The first natural, and certainly the most meaningful, phenomenon was the eruption of the Chilean volcano Puyehue-Cordon del Caulle, situated 100 km NW of Bariloche, last June 4th, 2011. Photos, taken about 30 km away from the crater, give an idea of the size of the cataclysm. The immediate consequence for Bariloche was a solid rain that covered the city and the lake with 12 inches of sand and pumice stone, because, unfortunately, that day the wind was blowing right in the axis of the volcano (310°).

After nearly 4000 people had been evacuated, normal life stopped completely for several weeks along hundreds of kilometres towards the East, the majority of the wild life died and thousands of bovines and sheep had to be euthanized because they were deprived of food and unable to eat the fodder that the farmers brought to them, because, never having seen it before, they did not know what it was!
Some days after the explosion, the volcano started spitting very fine, impalpable ashes (as light as icing sugar) sowing this thick, deadly powder along its plume that turned according to the will of the wind and falling to earth along a cone of 90° angle having its bisector oriented precisely W-E and whose edges were, unfortunately, the airports of Bariloche and San Martin de Los Andes, with, as a consequence, the inactivity of one or the other, and the impossibility of flying below 3000m along the 100km that separates these two airports.
The city of Bariloche remained paralyzed for more than a week, the time for the shovels to clean the streets. The hangar stayed safe, on the one hand because of its shape and, on the other, thanks to the fast intervention of club members while taking big risks.

The runway remained unusable for four months, the time for rain and snow to make the dust penetrate the soil and for the wind to displace the rest eastward up to Buenos Aires (1600 km), where the airports had to for close several days, like those of South Africa, Australia and New Zealand.

Gliders hangar cleaning

Bariloche’s international airport remained closed from June 4th and only officially reopened on December 20th, while taking advantage of this forced stop to change the asphalt of the runway and add a water cleaning system in order to wash away the ashes deposited on the asphalt. In fact, commercial flights would only recommence at the end of January, and again with numerous interruptions each time the plume passed above the city. For the record, an airline jet remained trapped for several months on the tarmac.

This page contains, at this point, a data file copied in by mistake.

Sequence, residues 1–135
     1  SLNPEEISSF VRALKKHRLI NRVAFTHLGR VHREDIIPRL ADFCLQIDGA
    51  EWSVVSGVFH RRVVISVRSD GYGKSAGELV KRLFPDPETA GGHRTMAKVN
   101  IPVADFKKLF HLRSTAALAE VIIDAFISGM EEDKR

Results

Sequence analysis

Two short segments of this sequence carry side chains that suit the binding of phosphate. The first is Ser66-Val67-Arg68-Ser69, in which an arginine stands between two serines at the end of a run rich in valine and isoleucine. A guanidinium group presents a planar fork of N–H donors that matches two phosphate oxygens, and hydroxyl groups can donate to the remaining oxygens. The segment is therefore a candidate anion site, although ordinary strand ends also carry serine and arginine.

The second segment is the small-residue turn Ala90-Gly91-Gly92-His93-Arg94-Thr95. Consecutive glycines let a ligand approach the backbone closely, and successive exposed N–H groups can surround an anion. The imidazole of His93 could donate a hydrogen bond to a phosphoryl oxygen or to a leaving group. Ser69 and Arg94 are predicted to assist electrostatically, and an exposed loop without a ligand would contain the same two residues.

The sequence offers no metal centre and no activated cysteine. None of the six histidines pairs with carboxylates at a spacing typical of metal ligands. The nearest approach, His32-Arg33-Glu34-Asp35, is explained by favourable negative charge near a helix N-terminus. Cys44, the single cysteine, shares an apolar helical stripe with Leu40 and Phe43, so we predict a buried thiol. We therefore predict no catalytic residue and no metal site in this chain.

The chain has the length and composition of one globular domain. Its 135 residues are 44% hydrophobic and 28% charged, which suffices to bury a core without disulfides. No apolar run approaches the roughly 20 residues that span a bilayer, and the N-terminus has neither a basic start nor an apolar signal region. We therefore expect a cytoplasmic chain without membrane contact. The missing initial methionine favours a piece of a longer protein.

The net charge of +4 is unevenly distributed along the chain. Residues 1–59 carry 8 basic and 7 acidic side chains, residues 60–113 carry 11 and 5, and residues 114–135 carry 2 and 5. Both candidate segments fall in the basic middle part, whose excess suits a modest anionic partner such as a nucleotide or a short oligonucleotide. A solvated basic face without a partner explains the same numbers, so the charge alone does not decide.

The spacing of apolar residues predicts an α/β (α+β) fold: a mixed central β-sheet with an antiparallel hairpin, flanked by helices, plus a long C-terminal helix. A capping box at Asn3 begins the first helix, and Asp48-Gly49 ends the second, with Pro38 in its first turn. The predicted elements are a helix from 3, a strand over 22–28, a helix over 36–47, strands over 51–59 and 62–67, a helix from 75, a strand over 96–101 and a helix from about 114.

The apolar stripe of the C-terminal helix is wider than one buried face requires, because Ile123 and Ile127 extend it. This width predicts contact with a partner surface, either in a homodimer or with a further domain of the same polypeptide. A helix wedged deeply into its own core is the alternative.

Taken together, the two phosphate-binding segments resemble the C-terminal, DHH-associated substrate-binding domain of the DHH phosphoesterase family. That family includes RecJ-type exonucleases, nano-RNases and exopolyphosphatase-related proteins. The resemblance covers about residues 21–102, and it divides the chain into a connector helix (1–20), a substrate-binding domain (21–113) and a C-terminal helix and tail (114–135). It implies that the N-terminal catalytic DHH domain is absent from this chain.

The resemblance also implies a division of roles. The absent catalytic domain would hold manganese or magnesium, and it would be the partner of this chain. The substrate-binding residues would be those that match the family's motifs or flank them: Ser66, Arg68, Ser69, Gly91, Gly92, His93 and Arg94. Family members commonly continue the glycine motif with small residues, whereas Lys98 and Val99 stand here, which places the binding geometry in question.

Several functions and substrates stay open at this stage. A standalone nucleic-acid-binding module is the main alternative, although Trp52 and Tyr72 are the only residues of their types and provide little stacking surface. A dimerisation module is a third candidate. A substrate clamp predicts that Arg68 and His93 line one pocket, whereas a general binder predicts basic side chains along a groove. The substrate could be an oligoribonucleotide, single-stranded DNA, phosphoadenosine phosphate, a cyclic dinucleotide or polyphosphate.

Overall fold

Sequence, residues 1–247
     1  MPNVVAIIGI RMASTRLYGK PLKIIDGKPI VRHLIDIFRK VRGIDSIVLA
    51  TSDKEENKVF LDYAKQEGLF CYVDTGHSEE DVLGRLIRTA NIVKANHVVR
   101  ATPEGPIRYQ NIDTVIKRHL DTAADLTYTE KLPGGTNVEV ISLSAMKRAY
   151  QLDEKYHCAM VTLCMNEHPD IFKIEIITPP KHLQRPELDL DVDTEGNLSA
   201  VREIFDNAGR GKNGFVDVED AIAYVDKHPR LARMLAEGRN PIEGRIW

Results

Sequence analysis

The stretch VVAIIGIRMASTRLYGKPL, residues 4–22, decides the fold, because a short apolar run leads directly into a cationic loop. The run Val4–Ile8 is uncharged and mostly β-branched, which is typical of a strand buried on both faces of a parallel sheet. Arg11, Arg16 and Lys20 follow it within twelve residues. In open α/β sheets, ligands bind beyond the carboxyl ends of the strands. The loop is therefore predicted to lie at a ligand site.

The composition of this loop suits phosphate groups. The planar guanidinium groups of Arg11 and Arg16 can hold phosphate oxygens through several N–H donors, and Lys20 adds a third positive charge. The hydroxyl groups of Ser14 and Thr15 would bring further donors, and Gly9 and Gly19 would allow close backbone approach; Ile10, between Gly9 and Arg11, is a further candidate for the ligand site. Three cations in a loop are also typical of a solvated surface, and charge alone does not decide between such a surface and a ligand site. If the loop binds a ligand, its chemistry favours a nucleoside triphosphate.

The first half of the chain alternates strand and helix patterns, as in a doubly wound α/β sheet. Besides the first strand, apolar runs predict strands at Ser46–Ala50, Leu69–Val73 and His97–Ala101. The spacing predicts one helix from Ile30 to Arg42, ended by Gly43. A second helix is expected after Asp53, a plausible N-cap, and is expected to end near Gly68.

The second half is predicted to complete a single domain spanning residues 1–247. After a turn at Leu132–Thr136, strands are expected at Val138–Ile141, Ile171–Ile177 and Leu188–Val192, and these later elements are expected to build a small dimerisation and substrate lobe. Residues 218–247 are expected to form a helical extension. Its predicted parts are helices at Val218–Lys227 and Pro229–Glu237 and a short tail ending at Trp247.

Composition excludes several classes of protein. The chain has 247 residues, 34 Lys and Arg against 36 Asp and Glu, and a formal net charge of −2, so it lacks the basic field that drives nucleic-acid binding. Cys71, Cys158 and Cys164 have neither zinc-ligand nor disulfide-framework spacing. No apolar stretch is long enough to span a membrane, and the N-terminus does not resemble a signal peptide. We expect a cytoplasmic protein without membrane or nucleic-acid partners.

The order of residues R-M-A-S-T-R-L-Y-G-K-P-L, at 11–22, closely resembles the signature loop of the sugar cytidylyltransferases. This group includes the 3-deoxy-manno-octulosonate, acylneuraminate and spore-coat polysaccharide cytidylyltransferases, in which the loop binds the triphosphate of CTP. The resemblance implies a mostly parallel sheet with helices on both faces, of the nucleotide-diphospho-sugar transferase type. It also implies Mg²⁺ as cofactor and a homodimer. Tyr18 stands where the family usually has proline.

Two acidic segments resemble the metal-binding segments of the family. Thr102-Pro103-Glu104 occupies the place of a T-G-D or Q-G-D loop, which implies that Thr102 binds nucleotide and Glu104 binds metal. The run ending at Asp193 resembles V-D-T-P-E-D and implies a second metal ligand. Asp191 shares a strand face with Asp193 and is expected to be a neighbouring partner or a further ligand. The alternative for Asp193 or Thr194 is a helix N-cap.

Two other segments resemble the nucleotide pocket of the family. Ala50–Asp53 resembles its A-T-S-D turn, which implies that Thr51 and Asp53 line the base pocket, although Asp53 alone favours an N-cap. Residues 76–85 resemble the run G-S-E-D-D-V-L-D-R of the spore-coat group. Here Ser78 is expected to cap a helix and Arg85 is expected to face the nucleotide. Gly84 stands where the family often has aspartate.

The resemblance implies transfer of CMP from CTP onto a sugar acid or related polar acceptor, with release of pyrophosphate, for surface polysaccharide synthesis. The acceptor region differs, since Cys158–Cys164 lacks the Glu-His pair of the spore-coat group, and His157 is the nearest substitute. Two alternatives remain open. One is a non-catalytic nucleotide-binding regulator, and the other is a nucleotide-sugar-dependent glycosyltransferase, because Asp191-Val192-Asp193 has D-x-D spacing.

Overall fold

The pilot had received clearance to take off but the controller did not realize that the cloud that was arriving over the city and the lake was, actually, a cloud of sand and ashes, which invested the plane during the initial roll out, obliging the pilot to abort the takeoff. The controller had not been informed about the eruption of the volcano!
From the point of view of the ground handling around the parking and club runway, the situation was not brilliant because the whole area of the gliding club was completely protected from the wind, preventing it from blowing the five inches of ashes away toward Buenos Aires! It was, therefore, necessary to live under these hard conditions, the feet in the ashes and, often, wearing a face mask, forced to go straight under the shower every day when back home.

Under the ashes, waiting for better times
Of course, you will say “But why the hell did you go there, knowing the situation? “ After long reflection, and consultations with the German team, we decided to go based upon the facts that, on the one hand, no eruption of the neighbouring volcanoes (Llaima and Chaiten in 2008) had lasted more than three months and, on the other hand, the area of influence of the plume had completely spared the neighbouring airports of (B) El Maiten (100 km south), (C) Esquel (200 km south), (D) Zapala (250 km north) so we could have moved the camp there if necessary. Actually, none of the plans B, C or D could be applied. For (A), the runway of El Maiten was too soft to allow the Nimbus to take off with two pilots, which forced me to abandon my passenger on the ground to return by bus, in his flight suit designed for -30°C but with +25° on the ground and not a single penny in his pocket!

For (B), Esquel turned out to be practically QGO because the local ATC suddenly passed from one airplane per week to four per day (partially replacing Bariloche), so big panic! To the point that the Swiss, Jean-Marc Perrin (DG 800) and the U.S. Perlan Project team (DG 1000) had to abandon this solution after a few days because they had to take off before the airport opened and land after it closed, while prohibited from flying in half of the TMA, the good one, where the wave stays.

Under the ashes, waiting for better times

The plan (D), moving to Zapala, could never be applied because of the abnormally South position of the Pacific anticyclone, so that the meteorological conditions were never favourable for more than one day at this latitude, thus eliminating any interest for a move that would mean losing two days and a lot of money. On the contrary, it would have been wiser to move the camp at least 300 km south, which proved impossible because of the absence of infrastructures and logistics compatible with the transportation of one container and the operating contingencies of the Nimbus 4DM, unable to taxi with it’s sole engine. Jean-Marc Perrin, coming from Switzerland with his own car, trailer and the DG 800 in 15 m, could therefore take advantage of these precarious runways and thus log flights between1500 and 2000 km, thus allowing him to win the OLC 2011.